Australian Lefty on Politics, Governance, Science and Info Management

US wants scientists kept in the dark – again

Posted by Dave Bath on 2008-04-17

An editorial in Nature discusses the shocking irresponsibility of the US in not using the data from 3 million veterans in epidemiological studies on exposure to nasties, including Agent Orange, despite urging from the US National Academy of Sciences.

This wealth of data is important to all of us in a world choking on environmental toxins, including those compounds agencies are keen to class as not a problem.

Nature correctly labels the use of this data as a moral imperative.  It points to interference tactics by the US government and big companies like Monsanto.

Of course, the US government doesn’t want this information used, as it will open the floodgates to massive compensation of veterans (both Vietnam and Gulf War), and the citizens of Vietnam.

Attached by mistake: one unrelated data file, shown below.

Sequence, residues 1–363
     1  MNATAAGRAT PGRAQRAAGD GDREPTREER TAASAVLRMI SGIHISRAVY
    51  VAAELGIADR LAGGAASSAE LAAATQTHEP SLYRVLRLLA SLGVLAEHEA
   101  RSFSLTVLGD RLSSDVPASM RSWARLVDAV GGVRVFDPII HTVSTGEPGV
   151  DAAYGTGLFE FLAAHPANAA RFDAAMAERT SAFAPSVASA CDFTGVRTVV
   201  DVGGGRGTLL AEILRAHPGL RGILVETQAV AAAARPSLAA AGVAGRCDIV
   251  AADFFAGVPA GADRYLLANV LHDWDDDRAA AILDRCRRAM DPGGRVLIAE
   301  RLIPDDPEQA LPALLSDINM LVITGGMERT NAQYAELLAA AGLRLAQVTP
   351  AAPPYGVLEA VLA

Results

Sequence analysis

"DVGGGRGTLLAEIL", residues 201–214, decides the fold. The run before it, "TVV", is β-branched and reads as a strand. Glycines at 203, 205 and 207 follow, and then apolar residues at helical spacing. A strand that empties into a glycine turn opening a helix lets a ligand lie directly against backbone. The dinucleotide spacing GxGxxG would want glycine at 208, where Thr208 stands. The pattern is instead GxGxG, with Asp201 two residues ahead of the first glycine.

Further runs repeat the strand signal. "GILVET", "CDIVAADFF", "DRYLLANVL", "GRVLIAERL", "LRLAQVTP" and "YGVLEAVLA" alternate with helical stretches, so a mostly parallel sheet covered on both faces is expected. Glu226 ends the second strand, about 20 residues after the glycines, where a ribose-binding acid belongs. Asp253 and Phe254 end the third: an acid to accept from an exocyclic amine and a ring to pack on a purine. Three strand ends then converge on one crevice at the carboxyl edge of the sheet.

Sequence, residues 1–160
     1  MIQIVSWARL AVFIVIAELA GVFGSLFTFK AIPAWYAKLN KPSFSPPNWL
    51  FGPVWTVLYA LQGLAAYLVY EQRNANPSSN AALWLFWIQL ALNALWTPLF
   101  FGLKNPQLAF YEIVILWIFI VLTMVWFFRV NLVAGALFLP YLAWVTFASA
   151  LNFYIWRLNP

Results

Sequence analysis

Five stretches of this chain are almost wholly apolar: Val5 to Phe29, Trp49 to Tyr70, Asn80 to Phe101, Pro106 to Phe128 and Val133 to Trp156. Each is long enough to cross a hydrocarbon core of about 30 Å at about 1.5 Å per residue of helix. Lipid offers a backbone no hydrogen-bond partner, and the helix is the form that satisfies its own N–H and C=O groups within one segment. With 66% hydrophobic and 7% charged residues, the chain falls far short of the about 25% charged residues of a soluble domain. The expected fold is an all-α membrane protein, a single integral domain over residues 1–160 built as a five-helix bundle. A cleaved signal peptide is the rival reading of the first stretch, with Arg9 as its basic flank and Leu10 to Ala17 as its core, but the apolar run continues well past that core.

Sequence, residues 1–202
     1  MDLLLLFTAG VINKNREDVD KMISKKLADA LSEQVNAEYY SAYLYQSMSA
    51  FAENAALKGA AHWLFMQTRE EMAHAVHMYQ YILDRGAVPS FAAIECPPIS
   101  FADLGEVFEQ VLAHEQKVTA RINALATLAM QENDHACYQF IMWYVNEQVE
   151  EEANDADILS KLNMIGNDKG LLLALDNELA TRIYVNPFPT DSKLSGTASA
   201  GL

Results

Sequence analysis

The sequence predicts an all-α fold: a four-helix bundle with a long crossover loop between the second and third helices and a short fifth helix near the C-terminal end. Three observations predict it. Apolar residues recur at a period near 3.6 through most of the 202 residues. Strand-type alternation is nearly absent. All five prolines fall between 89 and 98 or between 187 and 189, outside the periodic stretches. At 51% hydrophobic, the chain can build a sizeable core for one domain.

Vietnam has long screamed for compensation, pointing to the massive increase in congenital deformities since the war.  US veterans have also pointed to suggestions that their children are affected.

Despite the denials from the US government, these shocking problems in humans are entirely consistent with the way dioxins work on plants.  An intercalating agent, dioxins get between the turns of DNA, deforming the “ladder”, and thus causing transcription errors (affecting the individual organism) as well as copying errors (causing inheritable defects).

Dioxins are not just the problem of those who have been to Vietnam.  They are produced in huge quantities from many industrial processes, and are extremely difficult to "scrub" from smokestacks (including the personal paper-wrapped smokestacks addicting many people).

So, we have an issue that touches the portfolios of ministers for the environment, health, and foreign affairs.  I wonder if any of them will do anything by urging the US government to give the data to the scientists?

Silly me, as if any politician would be taking notice of highly respected scientific panels and journals, at least until the population as a whole demands change.  I bet most of our pollies would think "Nature" was a coffee-table magazine full of photographs of dolphins and meerkats.

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